Devon Biodiversity Action Plan

Plants and Animals

Special to Devon!

The location of Devon.

Barn Owl
Tyto alba

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Barn Owls, although still widespread in Devon, have declined in numbers over recent years. Because they are much less common than they once were, an individual Species Action Plan has been created to promote them within the overall Devon Biodiversity Action Plan (BAP).  (More on Devon BAP here)


Barn Owls are essentially a bird of farmland. They do not occur within the Woodland Education Centre at Offwell, because the habitat is not suitable for them. However, their ghostly shapes may be seen hunting in the half light of dawn and dusk over nearby fields and grass road verges. The decline in their numbers is linked to loss of suitable habitat as farming methods have changed, together with loss of nesting sites.

By day, Barn Owls hide in holes and old buildings. They are mainly nocturnal, hunting especially at dawn and dusk . As night begins to fall, they emerge to hunt in the half light. With their soft white plumage, they glide soundlessly over rough grassy meadows, hunting for voles and other small mammals.

Their plumage is dense and soft. The wing feathers have fringes of hair-like projections at the tips which deaden sound and allow the owl to fly as silently as a ghost. They often hunt in flight, gliding low over the ground, with frequent changes of direction, descending to catch unsuspecting prey in their powerful talons. They will also hunt from a convenient perch such as a fence post, or wall, looking and listening before pouncing.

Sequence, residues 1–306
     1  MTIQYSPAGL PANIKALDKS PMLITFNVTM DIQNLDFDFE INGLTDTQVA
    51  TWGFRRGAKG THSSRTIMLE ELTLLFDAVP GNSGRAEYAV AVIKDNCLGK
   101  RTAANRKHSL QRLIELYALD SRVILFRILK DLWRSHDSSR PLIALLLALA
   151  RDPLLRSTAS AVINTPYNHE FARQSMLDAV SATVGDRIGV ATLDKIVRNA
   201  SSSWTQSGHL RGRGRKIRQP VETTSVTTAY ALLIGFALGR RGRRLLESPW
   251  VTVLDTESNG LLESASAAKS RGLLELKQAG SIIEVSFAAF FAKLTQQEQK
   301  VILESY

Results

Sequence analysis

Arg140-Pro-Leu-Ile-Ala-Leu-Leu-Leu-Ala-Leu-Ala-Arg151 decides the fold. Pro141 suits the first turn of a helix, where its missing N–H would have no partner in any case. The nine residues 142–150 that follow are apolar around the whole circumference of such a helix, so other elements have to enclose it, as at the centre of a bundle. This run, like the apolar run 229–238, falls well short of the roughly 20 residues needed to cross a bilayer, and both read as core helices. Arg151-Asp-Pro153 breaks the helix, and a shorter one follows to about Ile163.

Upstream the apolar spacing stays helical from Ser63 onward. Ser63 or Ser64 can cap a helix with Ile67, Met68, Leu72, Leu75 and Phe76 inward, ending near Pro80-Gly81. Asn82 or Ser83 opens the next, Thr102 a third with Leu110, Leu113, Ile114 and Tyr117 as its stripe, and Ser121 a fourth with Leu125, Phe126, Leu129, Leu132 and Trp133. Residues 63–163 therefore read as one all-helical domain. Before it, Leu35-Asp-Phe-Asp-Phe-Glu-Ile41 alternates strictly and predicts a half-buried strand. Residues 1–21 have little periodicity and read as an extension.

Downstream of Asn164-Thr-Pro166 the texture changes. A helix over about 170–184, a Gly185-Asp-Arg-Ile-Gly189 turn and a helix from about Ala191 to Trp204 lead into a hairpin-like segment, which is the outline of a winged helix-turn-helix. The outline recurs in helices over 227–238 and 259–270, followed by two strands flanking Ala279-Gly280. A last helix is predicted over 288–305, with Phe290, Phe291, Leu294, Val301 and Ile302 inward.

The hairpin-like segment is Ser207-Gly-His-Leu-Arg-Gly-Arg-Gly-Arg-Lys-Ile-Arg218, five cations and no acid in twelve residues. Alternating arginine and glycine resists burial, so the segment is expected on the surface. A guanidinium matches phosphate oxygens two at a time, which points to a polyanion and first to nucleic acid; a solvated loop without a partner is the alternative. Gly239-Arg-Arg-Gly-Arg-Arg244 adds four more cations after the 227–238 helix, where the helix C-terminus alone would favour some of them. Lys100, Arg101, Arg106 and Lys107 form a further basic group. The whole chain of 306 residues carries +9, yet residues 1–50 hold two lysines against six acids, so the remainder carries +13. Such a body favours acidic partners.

wpe18.jpg (9106 bytes) Barn Owls have amazing hearing.  (Their ears are hidden by the feathers.) Sound may actually be more important than vision when they are hunting. Their prey can be caught in total darkness by sound alone.

However, the large eyes mean that they can also see very well at low levels of light.

While they mostly eat mammals smaller than rabbits, such as voles and mice, they may also catch and eat small birds, frogs, beetles, moths, bats and fish.

wpe19.jpg (8458 bytes) Barn Owls often nest in buildings such as barns or in holes in old trees.

They do not produce a nest as such, but just lay their eggs on ledges, beams or on the floor of lofts in old buildings.

The young hatch at slightly different intervals. This is insurance against losing the whole brood if food is temporarily short.

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